NatWest new visual brand identity. Image courtesy of FutureBrand
Screenshot of the NatWest website
Since the beginning, one of our aims was to help users to find what they were looking for easily. A lot of effort has been allocated to the architecture information and graphic design.
A user-journey mapped out for an auditing workshop
We kicked-off the project by analysing the old website with qualitative and quantitative researches. Data from the analytics were used to map out the most common user journeys and screen recordings to analyse the behaviour of people on those pages. All this knowledge helped us to understand where the website was performing or not and why.
A heatmap analysis of the old website
Heat map visualisations were used to understand user engagement and site interaction. We collect data from click, move and scroll heatmaps and combined with other information to highlight valuable behaviours.
AEM components analysis
An important task during the research and discovery phase it was a deep scanning of each component used by the journey manager. We audit all of them one by one, measured the number of the time they were been used, how and why. We needed to understand what the content creator was trying to achieve so we could build new purposeful components tailored around the client’s needs.
Example of a user task flow
One of the biggest challenges was to create a library of features that has to work with both NatWest and RBS banks, even when the brands were offering different product solutions. It was essential to compare and contrast those journeys and understand how they were different. We noted all the founds in a product backlog as acceptance criteria.
UX and design workshops
Our team had an ongoing collaborative relationship with the stakeholder. We invented them to be part of the solution and design with us. This approach was a critical part for this project; it allowed us to reduce uncertainties, make sure the client was comfortable with the solutions and reduced the number of formal presentation (that can be a waste of time).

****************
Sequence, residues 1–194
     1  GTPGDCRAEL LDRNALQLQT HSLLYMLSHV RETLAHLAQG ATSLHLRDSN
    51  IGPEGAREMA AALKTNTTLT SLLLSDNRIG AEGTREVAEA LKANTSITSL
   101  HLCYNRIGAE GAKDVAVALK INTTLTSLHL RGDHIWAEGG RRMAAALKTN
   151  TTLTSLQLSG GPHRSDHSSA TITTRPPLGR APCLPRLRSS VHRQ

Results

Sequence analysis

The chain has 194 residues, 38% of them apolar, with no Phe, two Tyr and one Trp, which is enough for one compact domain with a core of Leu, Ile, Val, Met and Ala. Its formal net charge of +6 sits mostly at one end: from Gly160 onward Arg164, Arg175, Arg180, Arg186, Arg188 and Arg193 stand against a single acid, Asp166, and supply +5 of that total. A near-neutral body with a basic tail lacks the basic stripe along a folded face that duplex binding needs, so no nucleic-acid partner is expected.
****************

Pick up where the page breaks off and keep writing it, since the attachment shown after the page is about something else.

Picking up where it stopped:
Components grouped by purpose
During our researches, we fund out that content creators were calling content components by their purpose and not by their functional name (e.g. “feature description” vs “rich text editor”). We decided to group and reorganise all of them by macro categories that could help anyone to find what they were looking for, reduce components misuse and encourage the discoverability and usage of new components.
Wireframe prototype designed with Axure
Ideas were constantly tested by implementing them into a prototype designed with Axure. The prototype evolved sprint after sprint from lo-fi placeholders to real components with real content and UI design. At each stage of the work, we used the prototype as a testing tool to validate design and content messaging.
Example of the product overview component and its design interactions
Often we tested the same component with different design iterations measuring the architecture information, content value for existing customers and prospects and business KPIs.
Design / UX component documentation
Interaction design prototype design with Principle
Interactive prototypes were part of our final delivery to the development team. In many instances, we used Principle to document motion graphic design and components iterations.
Screengrabs of the live website (Jun 2019)
After two years, our UX/UI design strategy is fully implemented on the NatWest website across all the range of products and services. These are some screenshots of the website.